‘You’re looking tired Vlad’: Putin shrugs as Lukashenko tells Russian despot he looks jaded – before the strongmen share a ‘manly hug’
- ‘Are you okay? Looking tired,’ Alexander Lukashenko questioned Vladimir Putin
- Both men steered clear of mentioning the war in Ukraine at the initial meeting
Lukashenko towered over his warmongering ally as he greeted Putin with something approaching a bear hug.
He has arrived at the Kremlin in Moscow for two days of talks on further expanding ties between their countries. Last week, Kremlin spokesman Dmitry Peskov said the two leaders would discuss Lukashenko’s call for an immediate ceasefire in Ukraine during the visit.
Lukashenko towered over his warmongering ally as he greeted Putin with something of a bear hug
Russian President Vladimir Putin (right) sits with Belarusian President Alexander Lukashenko during a meeting at the Kremlin on Wednesday
Greeting Putin, 70, despot Lukashenko told the Russian that he was ‘looking tired’.
The Minsk dictator questioned the Russian President: ‘Are you OK? Looking tired.’
Putin responded with a shrug.
‘I am saying to you, a tired president,’ Lukashenko repeated again.
The Belarusian then berated Putin’s entourage and claimed they were not looking after his fellow despot.
Putin tried to quell Lukashenko’s outburst. ‘It’s OK, got to work a bit,’ he said.
Putin also told Lukashenko in comments broadcast by state television: ‘I must say that we have done a lot as a result of our joint work in all areas.’
‘We will discuss all of this tomorrow – this applies to our cooperation in the international arena and jointly solving questions of ensuring the security of our states.’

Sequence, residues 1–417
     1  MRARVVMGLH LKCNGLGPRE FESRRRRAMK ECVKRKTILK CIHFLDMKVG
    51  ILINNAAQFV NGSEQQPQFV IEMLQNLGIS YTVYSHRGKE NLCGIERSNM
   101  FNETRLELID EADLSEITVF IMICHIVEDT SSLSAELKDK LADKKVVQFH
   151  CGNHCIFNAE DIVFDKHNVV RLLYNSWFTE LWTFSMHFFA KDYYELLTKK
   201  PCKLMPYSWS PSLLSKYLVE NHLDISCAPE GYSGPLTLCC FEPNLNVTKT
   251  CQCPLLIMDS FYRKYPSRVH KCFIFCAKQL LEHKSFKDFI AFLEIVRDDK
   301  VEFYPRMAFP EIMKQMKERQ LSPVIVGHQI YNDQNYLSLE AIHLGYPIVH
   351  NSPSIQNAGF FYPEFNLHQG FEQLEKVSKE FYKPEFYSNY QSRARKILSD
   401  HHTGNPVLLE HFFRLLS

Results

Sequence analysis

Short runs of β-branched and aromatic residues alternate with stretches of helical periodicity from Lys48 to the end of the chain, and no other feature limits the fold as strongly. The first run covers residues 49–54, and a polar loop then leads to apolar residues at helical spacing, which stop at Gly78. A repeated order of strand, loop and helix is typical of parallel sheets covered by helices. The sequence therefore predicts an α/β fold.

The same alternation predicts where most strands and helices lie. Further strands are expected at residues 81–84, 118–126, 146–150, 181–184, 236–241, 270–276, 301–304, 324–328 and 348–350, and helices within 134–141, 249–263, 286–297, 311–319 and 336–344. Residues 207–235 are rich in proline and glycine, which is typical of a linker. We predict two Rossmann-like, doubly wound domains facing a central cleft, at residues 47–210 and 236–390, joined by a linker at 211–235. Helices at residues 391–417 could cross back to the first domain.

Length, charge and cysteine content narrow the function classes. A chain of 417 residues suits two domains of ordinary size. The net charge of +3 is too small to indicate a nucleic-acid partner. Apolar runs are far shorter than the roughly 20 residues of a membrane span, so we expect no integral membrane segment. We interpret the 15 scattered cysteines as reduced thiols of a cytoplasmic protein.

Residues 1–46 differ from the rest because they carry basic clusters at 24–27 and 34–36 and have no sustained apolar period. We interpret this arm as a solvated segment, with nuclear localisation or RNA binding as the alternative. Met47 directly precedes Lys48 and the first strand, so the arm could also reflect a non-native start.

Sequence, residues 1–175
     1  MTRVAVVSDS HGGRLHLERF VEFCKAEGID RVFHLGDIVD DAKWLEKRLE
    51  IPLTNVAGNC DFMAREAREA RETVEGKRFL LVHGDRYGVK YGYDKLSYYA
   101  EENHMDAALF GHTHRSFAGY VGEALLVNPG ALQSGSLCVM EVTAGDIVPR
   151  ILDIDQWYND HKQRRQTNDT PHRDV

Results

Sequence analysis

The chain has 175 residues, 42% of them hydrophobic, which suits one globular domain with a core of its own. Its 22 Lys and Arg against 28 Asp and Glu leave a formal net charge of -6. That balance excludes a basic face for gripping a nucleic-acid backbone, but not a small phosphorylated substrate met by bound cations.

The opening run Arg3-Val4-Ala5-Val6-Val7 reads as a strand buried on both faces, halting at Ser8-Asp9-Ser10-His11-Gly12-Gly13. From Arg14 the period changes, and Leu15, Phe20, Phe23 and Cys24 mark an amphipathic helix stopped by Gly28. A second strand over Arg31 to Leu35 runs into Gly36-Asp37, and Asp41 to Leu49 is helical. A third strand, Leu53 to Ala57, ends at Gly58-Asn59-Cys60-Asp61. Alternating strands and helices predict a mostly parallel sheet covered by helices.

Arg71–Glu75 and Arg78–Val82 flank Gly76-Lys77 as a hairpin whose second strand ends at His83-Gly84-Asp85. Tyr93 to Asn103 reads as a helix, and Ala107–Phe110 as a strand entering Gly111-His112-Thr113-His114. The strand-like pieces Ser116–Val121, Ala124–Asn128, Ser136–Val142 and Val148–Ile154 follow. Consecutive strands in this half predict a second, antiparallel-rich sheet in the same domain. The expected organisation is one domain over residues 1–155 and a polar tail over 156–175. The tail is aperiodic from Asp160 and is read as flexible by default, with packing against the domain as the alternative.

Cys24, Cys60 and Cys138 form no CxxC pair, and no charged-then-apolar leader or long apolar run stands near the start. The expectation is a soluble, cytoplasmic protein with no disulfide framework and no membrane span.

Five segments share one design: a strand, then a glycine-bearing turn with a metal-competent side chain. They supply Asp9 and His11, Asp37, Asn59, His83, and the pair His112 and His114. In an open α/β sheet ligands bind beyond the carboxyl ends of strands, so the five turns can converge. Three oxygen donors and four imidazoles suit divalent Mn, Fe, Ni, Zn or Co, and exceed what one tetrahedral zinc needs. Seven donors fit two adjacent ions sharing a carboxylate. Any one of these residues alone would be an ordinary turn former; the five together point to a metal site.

Moscow is Minsk’s closest political and financial backer. Lukashenko allowed Putin to use the territory of Belarus as a launch pad for the invasion of Ukraine in February 2022.
Greeting Putin, despot Lukashenko told Putin that he was ‘looking tired’
Putin welcomed Lukashenko to Moscow on Wednesday
Putin said last month that Russia planned to station tactical nuclear weapons in Belarus, its neighbor and ally. The announcement marked another attempt by the Russian leader to dangle the nuclear threat to discourage the West from supporting Ukraine.
Putin has said that construction of storage facilities for tactical nuclear weapons would be completed in Belarus by the start of July. Russia also has helped modernise Belarusian warplanes to make them capable of carrying nuclear weapons and provided the country that borders Ukraine with Iskander short-range missiles that could carry a nuclear warhead, he said.
Russia and Belarus are formally part of a Union State, a borderless union and alliance between the two former Soviet republics. Russia’s pre-war population was around 140 million compared to just 9 million for Belarus.
Earlier as Lukashenko arrived in Moscow, he looked visibly in pain as he walked down the steps of his presidential plane.